Be the first to write a review
( 0 )
Rating Distribution

5 Star


4 Star


3 Star


2 Star


1 Star


Your Rating:

Your Name: Create a Pen Name or

Barnes & Noble.com Review Rules

Our reader reviews allow you to share your comments on titles you liked, or didn't, with others. By submitting an online review, you are representing to Barnes & Noble.com that all information contained in your review is original and accurate in all respects, and that the submission of such content by you and the posting of such content by Barnes & Noble.com does not and will not violate the rights of any third party. Please follow the rules below to help ensure that your review can be posted.

Reviews by Our Customers Under the Age of 13

We highly value and respect everyone's opinion concerning the titles we offer. However, we cannot allow persons under the age of 13 to have accounts at BN.com or to post customer reviews. Please see our Terms of Use for more details.

What to exclude from your review:

Please do not write about reviews, commentary, or information posted on the product page. If you see any errors in the information on the product page, please send us an email.

Reviews should not contain any of the following:

  • - HTML tags, profanity, obscenities, vulgarities, or comments that defame anyone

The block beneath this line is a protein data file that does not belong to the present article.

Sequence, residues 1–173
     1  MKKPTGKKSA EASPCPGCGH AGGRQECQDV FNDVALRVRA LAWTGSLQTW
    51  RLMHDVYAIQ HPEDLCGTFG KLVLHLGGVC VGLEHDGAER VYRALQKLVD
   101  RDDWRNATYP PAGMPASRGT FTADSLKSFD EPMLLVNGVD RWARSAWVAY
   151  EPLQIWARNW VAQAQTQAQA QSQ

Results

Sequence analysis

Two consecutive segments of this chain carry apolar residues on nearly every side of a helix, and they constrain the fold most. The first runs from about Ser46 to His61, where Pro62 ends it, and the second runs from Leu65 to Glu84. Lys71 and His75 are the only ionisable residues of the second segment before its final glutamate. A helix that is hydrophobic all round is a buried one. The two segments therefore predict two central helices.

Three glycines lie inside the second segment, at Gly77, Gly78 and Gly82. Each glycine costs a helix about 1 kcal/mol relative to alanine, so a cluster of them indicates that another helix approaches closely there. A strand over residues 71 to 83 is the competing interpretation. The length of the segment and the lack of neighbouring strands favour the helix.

• - Time-sensitive information such as tour dates, signings, lectures, etc.
  • - Single-word reviews. Other people will read your review to discover why you liked or didn't like the title. Be descriptive.
  • - Comments focusing on the author or that may ruin the ending for others
  • - Phone numbers, addresses, URLs
  • - Pricing and availability information or alternative ordering information
  • - Advertisements or commercial solicitation


  • - By submitting a review, you grant to Barnes & Noble.com and its sublicensees the royalty-free, perpetual, irrevocable right and license to use the review in accordance with the Barnes & Noble.com Terms of Use.
  • - Barnes & Noble.com reserves the right not to post any review -- particularly those that do not follow the terms and conditions of these Rules. Barnes & Noble.com also reserves the right to remove any review at any time without notice.
  • - See Terms of Use for other conditions and disclaimers.
Search for Products You'd Like to Recommend

Recommend other products that relate to your review. Just search for them below and share!

Create a Pen Name

Your Pen Name is your unique identity on BN.com. It will appear on the reviews you write and other website activities. Your Pen Name cannot be edited, changed or deleted once submitted.

Your Pen Name can be any combination of alphanumeric characters (plus - and _), and must be at least two characters long.

Continue Anonymously

    If you find inappropriate content, please report it to Barnes & Noble
    Why is this product inappropriate?
    Comments (optional)